Chicago has been clear that the proceeds will repay higher-cost debt. That’s not a con but the equivalent of refinancing a mortgage to help pay for a child’s education.
Regarding your editorial “Chicago’s Puerto Rican Bonds” (Feb. 1): Labeling Chicago’s new issuance of sales-tax-backed bonds a “shell scheme” is a poor analogy. Chicago has been clear that the proceeds will repay higher-cost debt. That’s not a con but the equivalent of refinancing a mortgage to help pay for a child’s education. Rather than “diluting” other creditors, the city’s move helps it achieve its goals. In positing that investors are so starved for yield that Chicago was able to essentially dupe them, the editorial overlooks key realities.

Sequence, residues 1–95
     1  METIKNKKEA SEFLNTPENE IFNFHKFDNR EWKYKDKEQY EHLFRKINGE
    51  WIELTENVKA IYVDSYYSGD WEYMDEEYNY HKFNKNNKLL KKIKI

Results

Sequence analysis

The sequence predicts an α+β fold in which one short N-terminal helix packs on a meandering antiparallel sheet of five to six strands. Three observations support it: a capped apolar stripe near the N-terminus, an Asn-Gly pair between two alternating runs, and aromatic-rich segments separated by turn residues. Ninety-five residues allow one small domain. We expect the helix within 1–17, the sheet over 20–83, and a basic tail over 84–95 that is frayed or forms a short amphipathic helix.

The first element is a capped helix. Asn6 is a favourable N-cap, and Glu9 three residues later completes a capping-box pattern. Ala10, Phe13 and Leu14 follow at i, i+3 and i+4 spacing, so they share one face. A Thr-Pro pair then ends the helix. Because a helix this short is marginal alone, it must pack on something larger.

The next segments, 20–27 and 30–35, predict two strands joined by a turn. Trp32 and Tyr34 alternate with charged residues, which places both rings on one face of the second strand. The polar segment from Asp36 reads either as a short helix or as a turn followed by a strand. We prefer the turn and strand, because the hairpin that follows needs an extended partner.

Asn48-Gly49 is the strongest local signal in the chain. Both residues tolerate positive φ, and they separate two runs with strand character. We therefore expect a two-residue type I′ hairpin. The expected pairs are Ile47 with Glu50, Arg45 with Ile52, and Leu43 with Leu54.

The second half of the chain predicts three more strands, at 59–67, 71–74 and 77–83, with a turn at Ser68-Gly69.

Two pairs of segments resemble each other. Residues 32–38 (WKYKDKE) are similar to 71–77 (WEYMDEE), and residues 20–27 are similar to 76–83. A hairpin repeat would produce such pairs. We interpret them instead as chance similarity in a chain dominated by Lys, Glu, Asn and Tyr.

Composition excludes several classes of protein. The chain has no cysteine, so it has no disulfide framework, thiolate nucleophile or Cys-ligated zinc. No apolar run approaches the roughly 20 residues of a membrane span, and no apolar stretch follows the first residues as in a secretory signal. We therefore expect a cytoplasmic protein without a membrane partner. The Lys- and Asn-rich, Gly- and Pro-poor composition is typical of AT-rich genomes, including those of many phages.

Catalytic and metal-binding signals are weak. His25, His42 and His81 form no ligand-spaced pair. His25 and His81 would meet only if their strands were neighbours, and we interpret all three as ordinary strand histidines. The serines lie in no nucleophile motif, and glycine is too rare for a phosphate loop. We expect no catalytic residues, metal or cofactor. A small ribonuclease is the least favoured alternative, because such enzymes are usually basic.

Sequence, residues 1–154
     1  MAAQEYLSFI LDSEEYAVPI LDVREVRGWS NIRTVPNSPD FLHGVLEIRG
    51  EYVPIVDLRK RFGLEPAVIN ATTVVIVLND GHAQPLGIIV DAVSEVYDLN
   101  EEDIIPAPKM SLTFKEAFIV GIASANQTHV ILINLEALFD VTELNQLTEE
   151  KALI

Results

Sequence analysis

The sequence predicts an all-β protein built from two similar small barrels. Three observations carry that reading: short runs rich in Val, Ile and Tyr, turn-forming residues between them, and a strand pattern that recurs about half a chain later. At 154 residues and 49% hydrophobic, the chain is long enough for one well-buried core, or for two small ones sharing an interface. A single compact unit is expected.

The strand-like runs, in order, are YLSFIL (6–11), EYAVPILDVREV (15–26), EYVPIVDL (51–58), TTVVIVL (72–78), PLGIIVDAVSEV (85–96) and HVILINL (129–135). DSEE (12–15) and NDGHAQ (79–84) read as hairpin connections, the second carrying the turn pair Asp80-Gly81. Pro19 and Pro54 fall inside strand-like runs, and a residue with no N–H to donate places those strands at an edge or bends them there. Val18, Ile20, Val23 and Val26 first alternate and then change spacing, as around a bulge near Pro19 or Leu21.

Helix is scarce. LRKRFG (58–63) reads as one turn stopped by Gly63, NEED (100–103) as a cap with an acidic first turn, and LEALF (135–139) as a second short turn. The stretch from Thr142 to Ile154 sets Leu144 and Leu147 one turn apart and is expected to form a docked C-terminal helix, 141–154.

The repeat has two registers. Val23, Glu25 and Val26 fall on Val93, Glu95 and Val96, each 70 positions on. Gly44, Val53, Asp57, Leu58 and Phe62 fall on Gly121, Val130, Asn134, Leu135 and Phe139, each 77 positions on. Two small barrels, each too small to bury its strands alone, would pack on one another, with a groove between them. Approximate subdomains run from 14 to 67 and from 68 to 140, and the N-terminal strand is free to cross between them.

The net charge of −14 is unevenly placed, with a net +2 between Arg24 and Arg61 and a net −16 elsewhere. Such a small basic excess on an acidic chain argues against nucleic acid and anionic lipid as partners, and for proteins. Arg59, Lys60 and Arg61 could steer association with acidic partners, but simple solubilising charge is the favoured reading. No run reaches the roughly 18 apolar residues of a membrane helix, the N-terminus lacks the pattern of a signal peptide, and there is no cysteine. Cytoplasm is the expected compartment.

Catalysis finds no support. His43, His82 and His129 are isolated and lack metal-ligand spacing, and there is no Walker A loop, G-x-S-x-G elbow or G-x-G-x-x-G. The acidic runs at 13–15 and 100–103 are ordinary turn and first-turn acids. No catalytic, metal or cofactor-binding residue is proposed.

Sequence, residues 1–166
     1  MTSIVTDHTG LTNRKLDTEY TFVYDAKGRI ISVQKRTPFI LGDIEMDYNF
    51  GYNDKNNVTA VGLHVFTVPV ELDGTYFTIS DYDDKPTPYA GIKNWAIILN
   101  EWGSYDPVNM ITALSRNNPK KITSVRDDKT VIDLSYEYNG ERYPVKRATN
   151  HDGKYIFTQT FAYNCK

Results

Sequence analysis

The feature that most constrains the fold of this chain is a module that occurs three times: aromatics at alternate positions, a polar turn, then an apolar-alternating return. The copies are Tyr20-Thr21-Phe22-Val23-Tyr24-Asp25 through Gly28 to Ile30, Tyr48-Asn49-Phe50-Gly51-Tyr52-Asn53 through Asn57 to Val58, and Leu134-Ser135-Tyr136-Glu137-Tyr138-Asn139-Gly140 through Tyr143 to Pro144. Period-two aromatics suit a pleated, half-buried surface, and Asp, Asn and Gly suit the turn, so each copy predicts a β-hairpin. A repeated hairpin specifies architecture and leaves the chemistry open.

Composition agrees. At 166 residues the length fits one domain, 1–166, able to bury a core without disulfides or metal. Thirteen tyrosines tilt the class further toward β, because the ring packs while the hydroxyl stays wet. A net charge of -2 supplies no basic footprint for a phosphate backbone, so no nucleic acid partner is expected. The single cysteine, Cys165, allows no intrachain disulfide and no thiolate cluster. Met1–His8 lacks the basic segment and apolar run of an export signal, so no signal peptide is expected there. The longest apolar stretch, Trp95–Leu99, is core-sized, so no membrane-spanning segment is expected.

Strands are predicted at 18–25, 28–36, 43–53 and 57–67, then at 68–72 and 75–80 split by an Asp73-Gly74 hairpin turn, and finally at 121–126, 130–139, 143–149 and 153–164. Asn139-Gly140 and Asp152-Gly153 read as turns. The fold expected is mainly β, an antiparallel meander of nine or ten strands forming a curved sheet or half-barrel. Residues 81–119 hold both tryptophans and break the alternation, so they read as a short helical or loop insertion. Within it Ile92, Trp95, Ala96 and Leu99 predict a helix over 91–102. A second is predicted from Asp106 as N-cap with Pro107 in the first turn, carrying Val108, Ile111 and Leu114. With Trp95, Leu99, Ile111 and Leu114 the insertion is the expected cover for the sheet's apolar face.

First, it’s wrong to compare the yields on municipal bonds and Treasurys. Chicago’s securitization bonds carry a 5% coupon and pay tax-free interest whereas Treasurys are taxable, thereby explaining the heightened demand for the former.
Second, the tax revenues backing the bonds are paid from the state of Illinois, which agreed to help securitize them and promised not to impair bondholders. The U.S. Constitution protects investors against states breaking such promises. And in bankruptcy, the Fifth Amendment would prohibit Chicago from taking property, which is determined under Illinois law.
The notion that a recession could prompt politicians to pick pensioners over bondholders is also a red herring. Investors know—and price in—that the Illinois Constitution prevents the diminishment or impairment of pensioners, as the state’s Supreme Court held in 2015.
That Chicago, working with Illinois, lowered its borrowing costs should be applauded. Puerto Rico’s sales-tax bonds faced unique challenges inapplicable to Chicago. They nevertheless delivered near-par recoveries for senior bondholders.
Wall Street Journal Letters
by Susheel Kirpalani
Quinn Emanuel Urquhart & Sullivan
Feb. 12, 2020 4:56 pm ET